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Farhad Manjoo at Slate ponders the long term viability of what has to date been a successful strategy in garnering eyeballs for the Huffington Post (oh and thousands of other sites). From the article: "Not all SEO is bad, and not all HuffPo articles employ shady SEO, but some of the tricks that HuffPo uses to gin up search traffic are pretty sketchy. These tricks include: stuffing articles with strings of meaningless keywords (HuffPo does this on every piece), repeating potential search queries at the top of a story, and carefully engineering articles in response to rising search terms. These tactics exploit obvious weaknesses in Google and other search engines. If Google's mission is to provide search results that you—a human being—find useful, then HuffPo's keyword-glutted pieces don't belong, because no human being considers a list of synonyms an interesting way to start an article."
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Avatar Administrator
from MattMcGee 1259 Days ago #
Votes: 0

It's good to see an even-handed SEO-related article on a more mainstream site like Slate.



Avatar Moderator
from Jill 1259 Days ago #
Votes: 1

From the article:

Aol, Aol Acquires Huffington Post, Aol Buys Huffington Post, Aol Buys Huffpo, Aol Huffington Post, Huffington Post, Huffington Post Aol, Huffington Post Aol Merger, Huffington Post Media Group, Huffington Post Sold, Huffpo Aol, Huffpost Aol, Media News.

See what I did there? That's what you call search-engine optimization, or SEO.

Isn't it lovely what people call SEO these days?

Sad thing is that it's true.

The author of this article says it won't last forever, that eventually Google will stop it, but I'm not sure I agree. They seem to be at a place in time where as long as the content answers the search query, it's unimportant how they got to be in the top spots.

Sigh.




Avatar Moderator
from hugoguzman 1259 Days ago #
Votes: 0

I honestly don't think Huffpo needs to stuff those keywords at the top of articles to rank for those terms. It's their domain authority that does the trick.

But then again, I haven't tested that, so I can't say for sure.

I know that Wikipedia doesn't do it yet still ranks for almost everything under the sun.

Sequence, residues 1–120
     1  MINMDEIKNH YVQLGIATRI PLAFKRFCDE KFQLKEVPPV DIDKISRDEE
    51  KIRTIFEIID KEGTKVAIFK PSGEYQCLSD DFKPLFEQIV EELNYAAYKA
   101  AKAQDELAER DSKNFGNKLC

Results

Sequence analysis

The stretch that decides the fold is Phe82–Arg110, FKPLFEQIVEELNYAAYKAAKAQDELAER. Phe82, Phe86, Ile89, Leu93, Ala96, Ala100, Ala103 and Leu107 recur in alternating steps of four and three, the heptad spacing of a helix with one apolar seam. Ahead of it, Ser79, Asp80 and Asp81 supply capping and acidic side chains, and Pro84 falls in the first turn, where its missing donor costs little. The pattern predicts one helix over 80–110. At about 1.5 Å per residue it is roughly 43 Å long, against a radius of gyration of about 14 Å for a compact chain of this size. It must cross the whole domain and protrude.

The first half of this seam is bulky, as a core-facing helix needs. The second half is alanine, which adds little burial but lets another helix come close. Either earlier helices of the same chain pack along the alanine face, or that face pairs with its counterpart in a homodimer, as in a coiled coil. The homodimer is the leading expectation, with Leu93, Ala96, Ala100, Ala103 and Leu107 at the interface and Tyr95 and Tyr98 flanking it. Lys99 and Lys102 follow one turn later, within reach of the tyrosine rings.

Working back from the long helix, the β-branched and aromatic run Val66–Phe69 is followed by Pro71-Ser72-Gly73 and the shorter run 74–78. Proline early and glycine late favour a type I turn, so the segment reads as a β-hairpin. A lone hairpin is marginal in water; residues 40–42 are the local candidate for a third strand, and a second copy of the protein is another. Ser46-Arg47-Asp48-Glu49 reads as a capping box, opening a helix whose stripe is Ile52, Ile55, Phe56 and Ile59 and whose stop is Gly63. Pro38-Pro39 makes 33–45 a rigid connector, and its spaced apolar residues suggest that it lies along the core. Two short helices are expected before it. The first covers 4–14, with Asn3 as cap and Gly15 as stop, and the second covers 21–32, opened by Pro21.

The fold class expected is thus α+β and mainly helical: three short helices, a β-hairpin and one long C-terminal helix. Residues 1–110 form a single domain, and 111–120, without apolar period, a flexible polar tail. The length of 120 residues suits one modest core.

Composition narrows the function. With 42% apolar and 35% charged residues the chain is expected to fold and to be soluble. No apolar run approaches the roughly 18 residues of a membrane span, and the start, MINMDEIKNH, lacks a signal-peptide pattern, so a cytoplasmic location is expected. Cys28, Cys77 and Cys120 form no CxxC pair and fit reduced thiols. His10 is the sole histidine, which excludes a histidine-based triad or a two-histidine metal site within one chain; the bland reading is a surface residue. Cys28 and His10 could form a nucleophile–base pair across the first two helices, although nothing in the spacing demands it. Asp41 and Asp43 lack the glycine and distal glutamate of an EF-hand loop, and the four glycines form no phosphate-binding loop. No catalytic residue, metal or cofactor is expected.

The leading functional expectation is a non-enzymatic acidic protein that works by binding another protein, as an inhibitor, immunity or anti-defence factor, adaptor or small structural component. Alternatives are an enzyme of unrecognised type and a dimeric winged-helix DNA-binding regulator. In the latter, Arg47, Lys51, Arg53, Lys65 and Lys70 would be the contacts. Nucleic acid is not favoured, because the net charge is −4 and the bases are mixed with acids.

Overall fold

Avatar Moderator
from Jill 1259 Days ago #
Votes: 0

I would bet you're correct about that, Hugo. It's a shame they're setting a bad example. And it's a shame that the Slate guy believes that's what is necessary for SEO as well.

He forgets that there are tons and tons of people who like HuffPo's actual content, and it gets zillions of natural links because of that. Which in turn means they can rank for pretty much anything they put on the page. (Which I guess in turn is why they put so much crap on the on the page?)



Avatar
from Aaranged 1259 Days ago #
Votes: 1

Whether or not they appear for the purposes of keyword stuffing, can someone please call "those keywords at the top of articles" what they are?  Namely tags - links to subject-aggregated pages.

This is not an unimportant distinction.  I think one could reasonably argue that over-use of tags (certainly something HuffPo is guilty of in a lot of situations) hinders rather than helps search performance as a result of keyword cannibalization (as you're actually creating competing pages for any given search term).

Not that HuffPo doesn't know this, and actually there's a lot of back-end semantic processing both to autogenerate tags and organize them (you'll see, for example, that in situations where a subject page has been promoted to the "/news/" folder, that the equivalent "/tag/" page 301 redirects to "/news/" - as is the case when a "/tag/" matches one of HuffPo's upper-level categories like "/entertainment/").

All of this to say that their tagging system is a sophisticated one, and used for other purposes besides SEO (such as relevancy matching for related posts).  Typifying this as some sort of 1995 "keyword stuffing" is a gloss.



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